Through recessionary conditions in India and abroad, capital goods maker Thermax Ltd has put up a brave front.
The company’s September quarter results hint at a gradual recovery, albeit in a small-ticket capital expenditure cycle. Order inflows were up 31% year-on-year at about Rs1,200 crore, getting a leg-up from some large orders in Thailand and the Middle East. Note that the order from Thailand for a captive power unit for a sugar plant holds promise for Thermax, as about 18 more such sugar plants are likely to be tendered in the region over the next two-three years.
Captive power plant orders rose marginally but much of the intake is from consumer-led industries like food processing, dairy and pharmaceuticals. However, demand from heavyweight sectors like cement, steel and power remained dull.
Even revenue-wise, the energy segment declined sharply by about 17% whereas the environment segment fell by 2%, though the latter comprises less than a fifth of the total revenue. On the whole, consolidated revenue contracted by about 13.4%, although analysts had expected worse.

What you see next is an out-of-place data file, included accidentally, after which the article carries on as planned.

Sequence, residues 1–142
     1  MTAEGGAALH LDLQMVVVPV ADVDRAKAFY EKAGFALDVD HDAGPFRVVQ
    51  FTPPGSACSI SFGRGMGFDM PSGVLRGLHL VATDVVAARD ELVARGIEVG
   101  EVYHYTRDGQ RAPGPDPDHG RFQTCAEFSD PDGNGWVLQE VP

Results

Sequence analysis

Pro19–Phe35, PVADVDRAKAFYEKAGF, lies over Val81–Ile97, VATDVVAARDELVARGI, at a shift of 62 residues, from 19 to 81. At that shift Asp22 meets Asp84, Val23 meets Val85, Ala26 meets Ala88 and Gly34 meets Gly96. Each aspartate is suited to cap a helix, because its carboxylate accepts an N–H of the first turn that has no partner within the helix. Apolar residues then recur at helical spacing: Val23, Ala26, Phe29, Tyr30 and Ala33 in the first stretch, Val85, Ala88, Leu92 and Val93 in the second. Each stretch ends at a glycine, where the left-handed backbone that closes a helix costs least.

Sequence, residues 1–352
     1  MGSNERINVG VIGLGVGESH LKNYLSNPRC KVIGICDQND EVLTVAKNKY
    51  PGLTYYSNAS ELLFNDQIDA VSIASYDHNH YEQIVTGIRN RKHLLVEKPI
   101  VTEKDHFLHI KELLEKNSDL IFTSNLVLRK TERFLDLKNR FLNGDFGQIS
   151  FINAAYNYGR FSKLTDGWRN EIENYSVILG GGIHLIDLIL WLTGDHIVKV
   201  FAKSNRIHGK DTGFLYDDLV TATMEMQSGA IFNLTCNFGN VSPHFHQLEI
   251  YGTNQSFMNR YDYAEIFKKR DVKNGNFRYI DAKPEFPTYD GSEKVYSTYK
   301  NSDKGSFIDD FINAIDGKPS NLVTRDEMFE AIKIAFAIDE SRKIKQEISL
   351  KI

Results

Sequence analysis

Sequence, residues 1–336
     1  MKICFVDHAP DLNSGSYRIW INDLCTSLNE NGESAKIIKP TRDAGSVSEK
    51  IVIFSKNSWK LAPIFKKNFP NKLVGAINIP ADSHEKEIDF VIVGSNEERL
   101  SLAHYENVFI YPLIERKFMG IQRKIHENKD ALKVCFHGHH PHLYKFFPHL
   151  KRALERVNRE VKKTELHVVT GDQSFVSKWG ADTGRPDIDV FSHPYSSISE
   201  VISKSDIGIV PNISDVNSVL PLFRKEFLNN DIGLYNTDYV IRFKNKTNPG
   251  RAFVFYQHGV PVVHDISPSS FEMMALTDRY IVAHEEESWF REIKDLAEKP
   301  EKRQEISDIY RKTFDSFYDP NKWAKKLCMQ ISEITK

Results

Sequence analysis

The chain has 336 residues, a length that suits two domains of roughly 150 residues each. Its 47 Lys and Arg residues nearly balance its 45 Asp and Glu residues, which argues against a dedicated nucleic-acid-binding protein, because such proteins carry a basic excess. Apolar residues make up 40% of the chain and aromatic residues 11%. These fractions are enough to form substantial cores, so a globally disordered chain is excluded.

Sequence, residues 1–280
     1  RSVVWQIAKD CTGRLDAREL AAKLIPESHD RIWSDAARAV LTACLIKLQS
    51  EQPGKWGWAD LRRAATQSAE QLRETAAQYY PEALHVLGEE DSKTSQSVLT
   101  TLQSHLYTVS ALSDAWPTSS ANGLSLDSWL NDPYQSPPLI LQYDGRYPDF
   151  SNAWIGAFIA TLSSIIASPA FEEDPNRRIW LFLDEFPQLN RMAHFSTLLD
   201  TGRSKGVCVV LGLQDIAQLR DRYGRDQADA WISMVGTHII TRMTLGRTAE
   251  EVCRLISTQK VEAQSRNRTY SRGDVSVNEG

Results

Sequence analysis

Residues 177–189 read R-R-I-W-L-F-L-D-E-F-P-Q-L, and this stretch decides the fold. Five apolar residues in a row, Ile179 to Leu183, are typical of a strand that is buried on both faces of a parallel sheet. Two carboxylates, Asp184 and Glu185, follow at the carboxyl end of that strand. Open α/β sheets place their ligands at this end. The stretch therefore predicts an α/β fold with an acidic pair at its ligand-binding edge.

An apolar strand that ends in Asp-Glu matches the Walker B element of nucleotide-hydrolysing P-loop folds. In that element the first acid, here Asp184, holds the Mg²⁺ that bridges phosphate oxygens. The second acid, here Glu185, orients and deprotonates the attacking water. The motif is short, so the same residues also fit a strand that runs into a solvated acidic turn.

In spite of this, Thermax was able to maintain its operating margin (8.4%) at the year-ago level. The management also said several cost-cutting measures had not only helped the company weather the slowdown but also improve bids and get more competitive in the market. Operating profit fell on the back of weak revenue during the quarter.
Meanwhile, after adjusting for its share of subsidiary earnings, Thermax posted a consolidated profit of Rs78.6 crore—32.9% higher than a year ago.
That said, the company has historically traded at rich valuations compared to its Indian peers. At Rs864, the Thermax stock trades at about 30 times fiscal year 2018 earnings, factoring in management prudence and a strong market presence. The decline in its order book due to faster execution of projects implies that it needs greater traction in order inflows to keep the order book healthy.